A Letter To: Danny Boyle


Dear Danny Boyle,

If there ever was a British director who embodied all of the rarest qualities in the entertainment industry – humility, graciousness and sheer passion – it is you.

Your films were some of the first to make me release that I had a real passion for films, and the art of filmmaking. Your films made me realise that making a film didn’t just consist of using a camera to simply record conversations, landscapes and action sequences. Your films made me realise that there were no rules; that there were no limits to a director’s creativity. People often say that you watch a good film, but you feel a great one, and that’s certainly what sets your work apart.

Trainspotting (1996) gave us an insight into the crazy and dangerous world of heroin addiction, allowing us to see the dark underworld of the Edinburgh drug scene. The opening sequence is one of the most iconic of all time, throwing audiences straight into the action with Mark ‘Rent-boy’ Renton’s ‘Choose Life’ speech with Iggy Pop’s ‘Lust for Life’ booming over the monologue. Although accused of glorifying heroin by some, I would argue it simply highlighted the reality of the unsustainability of a drug addicted life, full of highs and lows. If people haven’t seen many of your films, they’ve usually still seen this one.

I’ve always admired your stance on big budget filmmaking; that you much prefer to have a ceiling to try and break through, so you can make your film “look like $100 million dollars” but to do that “with a cap on them”. One film where this is truly put into action, and where the world really noticed, is Slumdog Millionaire (2008). Jamal is born into the slums of Mumbai where moments in his life all lead to one fateful event where he attempts to win the Indian version of ‘Who Wants to be a Millionaire?”, and subsequently win back his childhood love. With a budget of $15 million, it made a whopping $377.9 million in the box office, and took away an incredible eight Oscars including best picture and best director.

Stylistically and visually, this film is just stunning. It may be set in the slums of Mumbai but from the beginning it is clear that there is hope in this story. The soundtrack is so fitting and so exhilarating that it had us rooting for Jamal and his win as if we too were on the streets of India caught up in the excitement. Your signature style is interspersed all the way throughout this film, and it was sure to be a success from the moment production started. You could say “it was destiny.

Other stories you have told surely couldn’t have been executed so well were they not under your influence and direction: 127 hours, the story of a man who is alone for the majority of the film after trapping his arm in between a boulder and a canyon wall; 28 Days Later, the tale of a man who wakes up in a deserted London, soon discovering that the population has been infected by the rage virus; Trance, a story that follows the search for a stolen painting in an auction heist which requires hypnosis to jog a memory for the painting’s location; The Beach, the story of a hidden community on a paradise beach in Thailand. Not only do these films demonstrate your versatility, but your willingness to constantly try something new.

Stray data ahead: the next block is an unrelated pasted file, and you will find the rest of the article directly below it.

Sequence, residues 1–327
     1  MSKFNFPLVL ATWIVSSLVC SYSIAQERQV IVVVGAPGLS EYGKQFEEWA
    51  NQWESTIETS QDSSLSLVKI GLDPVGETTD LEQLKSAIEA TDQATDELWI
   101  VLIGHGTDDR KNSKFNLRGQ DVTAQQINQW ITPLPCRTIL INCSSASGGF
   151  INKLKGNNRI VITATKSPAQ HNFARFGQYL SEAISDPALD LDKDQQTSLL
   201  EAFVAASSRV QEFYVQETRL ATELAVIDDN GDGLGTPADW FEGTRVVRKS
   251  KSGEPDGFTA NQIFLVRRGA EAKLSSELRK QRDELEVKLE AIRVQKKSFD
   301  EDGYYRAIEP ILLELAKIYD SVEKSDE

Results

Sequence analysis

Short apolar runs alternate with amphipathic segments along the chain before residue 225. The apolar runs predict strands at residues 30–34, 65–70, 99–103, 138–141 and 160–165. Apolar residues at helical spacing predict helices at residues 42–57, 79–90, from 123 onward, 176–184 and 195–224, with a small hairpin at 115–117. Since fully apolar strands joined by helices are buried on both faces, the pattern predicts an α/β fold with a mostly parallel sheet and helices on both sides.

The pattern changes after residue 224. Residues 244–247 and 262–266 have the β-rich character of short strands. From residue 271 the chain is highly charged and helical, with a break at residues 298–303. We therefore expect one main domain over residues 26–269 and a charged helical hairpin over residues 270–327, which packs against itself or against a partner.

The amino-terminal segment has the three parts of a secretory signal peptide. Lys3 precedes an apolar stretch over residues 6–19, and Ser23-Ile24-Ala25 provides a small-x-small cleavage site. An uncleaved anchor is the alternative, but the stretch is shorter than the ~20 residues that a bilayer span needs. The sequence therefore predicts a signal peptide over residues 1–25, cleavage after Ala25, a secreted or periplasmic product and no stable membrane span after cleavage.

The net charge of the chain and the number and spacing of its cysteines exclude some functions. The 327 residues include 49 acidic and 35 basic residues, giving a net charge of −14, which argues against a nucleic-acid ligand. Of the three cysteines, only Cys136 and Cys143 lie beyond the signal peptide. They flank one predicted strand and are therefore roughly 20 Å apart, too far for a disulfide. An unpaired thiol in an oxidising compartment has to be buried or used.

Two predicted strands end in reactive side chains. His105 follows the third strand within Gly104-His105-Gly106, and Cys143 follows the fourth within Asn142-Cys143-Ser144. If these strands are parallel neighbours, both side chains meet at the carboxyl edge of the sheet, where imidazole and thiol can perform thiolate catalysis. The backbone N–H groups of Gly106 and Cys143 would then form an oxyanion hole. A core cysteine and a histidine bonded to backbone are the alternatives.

Not all of these films are Oscar winners, but they all tell incredible stories in the most beautiful and creative of ways. Your unique camera work, quirky editing and exceptionally unique soundtracks make every one of your films both a visual and audio spectacle.

Your films always find a perfect meeting point between indie and mainstream. You tell the big stories and the small ones. You win Oscars and you win the hearts of the people. You make films and you plan Olympic opening ceremonies. I hope you never lose your signature style, because it is a perfect embodiment of everything aspiring filmmakers should remember- in both production, and in attitude.

The public acknowledge you as a British treasure whom we are lucky to have, and after turning down the highest honour of a Knighthood, I’m confident that you will continue to be “a man of the people”.

Thank you for your passion and thank you for the stories.


About Author

Former Film Editor for The Edge, second year history student, Irish dancer and film enthusiast. My biggest inspiration is by Bear Grylls. Yes Bear Grylls. Originally from West London.

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